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The developmental origins of macrophages define their metabolic and inflammatory properties
The developmental origins of macrophages define their metabolic and inflammatory properties
It is established that tissue resident macrophages have mixed developmental origins in most organs. They derive in variable extent from yolk sac (YS) hematopoiesis during embryonic development. Bone marrow (BM) hematopoietic progenitors give rise to tissue macrophages in postnatal life, and their contribution increases upon organ injury. Tissue resident macrophages are in perpetual interplay with their surroundings; thus, they are continuously reprogrammed by the microenvironment of their tissue of residence in order to serve immunologic and tissue specific functions. However, in tissue where macrophages are programmed to keep tissue homeostasis and other tissue specialized features, gene expression profiling and epigenetic landscape data revealed that heterogeneity among macrophage population exists, a property that could be attributed to distinct cells origin. Nevertheless, whether YS- and BM-derived macrophages functional properties and their contributions in their tissue of residence homeostasis or in the event microbial or inflammatory challenge varies, still remains to be shown and represents a significant question with major clinical importance. In order to decipher cell-intrinsic macrophage programs that are independent of the tissue environment, we immortalized hematopoietic progenitors from YS and BM using conditional homeobox protein Hox-B8 (Hoxb8) and carried out an in-depth functional and molecular analysis of differentiated macrophages. While YS and BM macrophages demonstrate close similarities in cellular growth, differentiation, phagocytic properties, migration velocity and their susceptibility to cell death inducers they display differences in cell metabolism, expression of inflammatory markers, and inflammasome activation. Thus, macrophage ontogeny is associated with distinct cellular programs and immune response.
macrophages, yolk sac, Bone marrow, inflammasome
Elhag, Sara Rahamatalla Mohamed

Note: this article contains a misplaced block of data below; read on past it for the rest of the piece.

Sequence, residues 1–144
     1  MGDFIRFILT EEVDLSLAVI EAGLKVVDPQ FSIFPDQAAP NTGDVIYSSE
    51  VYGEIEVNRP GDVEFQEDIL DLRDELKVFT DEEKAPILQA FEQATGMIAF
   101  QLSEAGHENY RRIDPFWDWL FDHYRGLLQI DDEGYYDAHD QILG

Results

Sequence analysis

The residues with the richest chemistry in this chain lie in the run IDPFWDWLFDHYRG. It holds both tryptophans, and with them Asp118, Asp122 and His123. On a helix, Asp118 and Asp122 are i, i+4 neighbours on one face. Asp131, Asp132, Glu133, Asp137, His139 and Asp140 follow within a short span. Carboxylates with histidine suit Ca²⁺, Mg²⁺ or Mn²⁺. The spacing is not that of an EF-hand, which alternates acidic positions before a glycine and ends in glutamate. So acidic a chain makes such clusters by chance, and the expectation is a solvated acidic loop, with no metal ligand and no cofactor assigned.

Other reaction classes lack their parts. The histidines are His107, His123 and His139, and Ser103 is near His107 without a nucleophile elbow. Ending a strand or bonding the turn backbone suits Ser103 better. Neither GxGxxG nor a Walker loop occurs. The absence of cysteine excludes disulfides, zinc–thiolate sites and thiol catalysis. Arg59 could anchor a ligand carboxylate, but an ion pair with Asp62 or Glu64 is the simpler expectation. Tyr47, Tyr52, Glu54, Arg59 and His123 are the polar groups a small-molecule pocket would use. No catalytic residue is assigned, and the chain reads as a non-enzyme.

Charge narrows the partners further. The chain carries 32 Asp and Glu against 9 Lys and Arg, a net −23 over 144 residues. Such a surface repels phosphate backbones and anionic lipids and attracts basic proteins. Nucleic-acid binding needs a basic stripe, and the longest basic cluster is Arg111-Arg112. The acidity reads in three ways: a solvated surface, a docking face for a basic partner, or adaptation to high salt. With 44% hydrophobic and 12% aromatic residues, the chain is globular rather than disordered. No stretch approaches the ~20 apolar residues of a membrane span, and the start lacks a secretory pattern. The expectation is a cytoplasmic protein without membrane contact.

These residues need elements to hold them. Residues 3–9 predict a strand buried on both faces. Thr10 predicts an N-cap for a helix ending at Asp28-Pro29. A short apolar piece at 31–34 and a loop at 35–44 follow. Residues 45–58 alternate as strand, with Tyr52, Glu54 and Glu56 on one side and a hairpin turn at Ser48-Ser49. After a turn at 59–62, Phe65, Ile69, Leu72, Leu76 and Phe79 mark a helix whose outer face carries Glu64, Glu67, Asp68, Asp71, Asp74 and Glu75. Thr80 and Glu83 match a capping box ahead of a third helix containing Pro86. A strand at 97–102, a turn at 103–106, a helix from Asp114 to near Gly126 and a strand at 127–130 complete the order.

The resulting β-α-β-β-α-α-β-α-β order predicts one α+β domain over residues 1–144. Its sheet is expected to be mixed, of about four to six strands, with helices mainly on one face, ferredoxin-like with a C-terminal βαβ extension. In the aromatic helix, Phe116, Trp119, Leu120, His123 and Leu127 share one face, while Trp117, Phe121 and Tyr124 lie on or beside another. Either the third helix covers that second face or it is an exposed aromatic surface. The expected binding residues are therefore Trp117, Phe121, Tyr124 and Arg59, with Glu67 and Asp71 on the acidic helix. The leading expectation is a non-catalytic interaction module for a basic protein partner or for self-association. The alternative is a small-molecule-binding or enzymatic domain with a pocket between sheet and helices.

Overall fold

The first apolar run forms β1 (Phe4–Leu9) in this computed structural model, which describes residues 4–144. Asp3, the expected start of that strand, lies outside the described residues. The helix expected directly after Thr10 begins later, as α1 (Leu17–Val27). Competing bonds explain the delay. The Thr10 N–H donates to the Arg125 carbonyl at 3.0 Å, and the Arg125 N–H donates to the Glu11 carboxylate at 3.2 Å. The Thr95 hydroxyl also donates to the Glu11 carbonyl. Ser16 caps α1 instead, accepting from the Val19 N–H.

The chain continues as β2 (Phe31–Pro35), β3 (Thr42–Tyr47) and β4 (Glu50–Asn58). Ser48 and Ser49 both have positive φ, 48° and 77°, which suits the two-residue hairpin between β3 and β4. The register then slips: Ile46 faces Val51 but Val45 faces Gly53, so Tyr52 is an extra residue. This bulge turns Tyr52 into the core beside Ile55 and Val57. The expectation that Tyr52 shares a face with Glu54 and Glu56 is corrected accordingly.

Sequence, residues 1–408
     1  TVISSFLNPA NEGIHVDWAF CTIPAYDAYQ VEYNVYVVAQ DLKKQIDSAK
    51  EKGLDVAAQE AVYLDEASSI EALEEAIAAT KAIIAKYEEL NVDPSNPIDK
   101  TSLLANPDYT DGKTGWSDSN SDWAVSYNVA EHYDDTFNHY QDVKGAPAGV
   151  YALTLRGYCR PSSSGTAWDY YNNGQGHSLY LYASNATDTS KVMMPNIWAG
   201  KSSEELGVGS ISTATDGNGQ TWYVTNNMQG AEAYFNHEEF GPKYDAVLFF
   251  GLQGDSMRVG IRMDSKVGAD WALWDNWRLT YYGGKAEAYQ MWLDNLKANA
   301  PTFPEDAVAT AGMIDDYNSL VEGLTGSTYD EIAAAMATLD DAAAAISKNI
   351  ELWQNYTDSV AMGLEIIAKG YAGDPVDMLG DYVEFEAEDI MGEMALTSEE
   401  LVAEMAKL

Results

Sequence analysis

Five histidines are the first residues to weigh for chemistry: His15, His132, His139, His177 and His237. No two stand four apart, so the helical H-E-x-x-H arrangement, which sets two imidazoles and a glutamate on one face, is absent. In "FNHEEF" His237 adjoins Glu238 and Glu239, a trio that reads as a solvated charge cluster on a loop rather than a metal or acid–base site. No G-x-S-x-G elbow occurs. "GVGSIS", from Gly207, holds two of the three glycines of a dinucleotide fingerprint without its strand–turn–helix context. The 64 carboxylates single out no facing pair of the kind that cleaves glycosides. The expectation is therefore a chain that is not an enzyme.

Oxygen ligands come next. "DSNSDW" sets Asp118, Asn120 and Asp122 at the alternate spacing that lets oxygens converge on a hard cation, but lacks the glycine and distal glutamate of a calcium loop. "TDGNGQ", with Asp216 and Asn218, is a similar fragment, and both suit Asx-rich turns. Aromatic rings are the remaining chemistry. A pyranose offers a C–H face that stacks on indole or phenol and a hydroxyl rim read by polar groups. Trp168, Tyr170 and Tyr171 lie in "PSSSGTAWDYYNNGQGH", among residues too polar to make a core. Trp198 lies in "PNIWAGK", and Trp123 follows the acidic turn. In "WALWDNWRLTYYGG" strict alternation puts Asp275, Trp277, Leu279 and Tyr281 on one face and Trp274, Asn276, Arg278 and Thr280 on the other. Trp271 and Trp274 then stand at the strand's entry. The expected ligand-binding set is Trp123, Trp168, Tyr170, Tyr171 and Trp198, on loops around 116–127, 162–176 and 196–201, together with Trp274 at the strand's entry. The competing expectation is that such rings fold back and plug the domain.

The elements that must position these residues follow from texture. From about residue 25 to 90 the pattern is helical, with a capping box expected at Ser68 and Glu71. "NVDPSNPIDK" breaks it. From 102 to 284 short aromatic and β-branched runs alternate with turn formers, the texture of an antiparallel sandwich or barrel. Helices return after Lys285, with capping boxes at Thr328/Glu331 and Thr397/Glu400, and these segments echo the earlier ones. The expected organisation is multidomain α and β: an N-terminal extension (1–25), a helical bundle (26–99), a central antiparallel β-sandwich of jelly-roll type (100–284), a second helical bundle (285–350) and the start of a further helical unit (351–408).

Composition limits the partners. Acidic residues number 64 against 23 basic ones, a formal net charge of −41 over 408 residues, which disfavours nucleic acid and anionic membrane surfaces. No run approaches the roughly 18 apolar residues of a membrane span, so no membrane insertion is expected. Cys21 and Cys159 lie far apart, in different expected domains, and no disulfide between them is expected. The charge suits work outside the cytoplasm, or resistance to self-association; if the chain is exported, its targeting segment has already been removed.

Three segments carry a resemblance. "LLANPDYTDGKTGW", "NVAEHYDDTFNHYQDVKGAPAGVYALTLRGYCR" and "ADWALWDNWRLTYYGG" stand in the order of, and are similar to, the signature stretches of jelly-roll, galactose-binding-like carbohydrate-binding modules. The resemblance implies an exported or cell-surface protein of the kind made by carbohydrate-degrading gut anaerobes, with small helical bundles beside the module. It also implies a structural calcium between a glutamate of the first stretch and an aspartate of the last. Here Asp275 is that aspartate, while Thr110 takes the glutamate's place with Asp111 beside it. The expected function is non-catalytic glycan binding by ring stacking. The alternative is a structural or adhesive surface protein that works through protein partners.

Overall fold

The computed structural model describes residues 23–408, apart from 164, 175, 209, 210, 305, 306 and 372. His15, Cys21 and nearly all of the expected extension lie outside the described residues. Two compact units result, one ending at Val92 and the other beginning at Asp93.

2022
English
Universitätsbibliothek der Ludwig-Maximilians-Universität München
Elhag, Sara Rahamatalla Mohamed (2022): The developmental origins of macrophages define their metabolic and inflammatory properties. Dissertation, LMU München: Faculty of Medicine
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Abstract

It is established that tissue resident macrophages have mixed developmental origins in most organs. They derive in variable extent from yolk sac (YS) hematopoiesis during embryonic development. Bone marrow (BM) hematopoietic progenitors give rise to tissue macrophages in postnatal life, and their contribution increases upon organ injury. Tissue resident macrophages are in perpetual interplay with their surroundings; thus, they are continuously reprogrammed by the microenvironment of their tissue of residence in order to serve immunologic and tissue specific functions. However, in tissue where macrophages are programmed to keep tissue homeostasis and other tissue specialized features, gene expression profiling and epigenetic landscape data revealed that heterogeneity among macrophage population exists, a property that could be attributed to distinct cells origin. Nevertheless, whether YS- and BM-derived macrophages functional properties and their contributions in their tissue of residence homeostasis or in the event microbial or inflammatory challenge varies, still remains to be shown and represents a significant question with major clinical importance. In order to decipher cell-intrinsic macrophage programs that are independent of the tissue environment, we immortalized hematopoietic progenitors from YS and BM using conditional homeobox protein Hox-B8 (Hoxb8) and carried out an in-depth functional and molecular analysis of differentiated macrophages. While YS and BM macrophages demonstrate close similarities in cellular growth, differentiation, phagocytic properties, migration velocity and their susceptibility to cell death inducers they display differences in cell metabolism, expression of inflammatory markers, and inflammasome activation. Thus, macrophage ontogeny is associated with distinct cellular programs and immune response.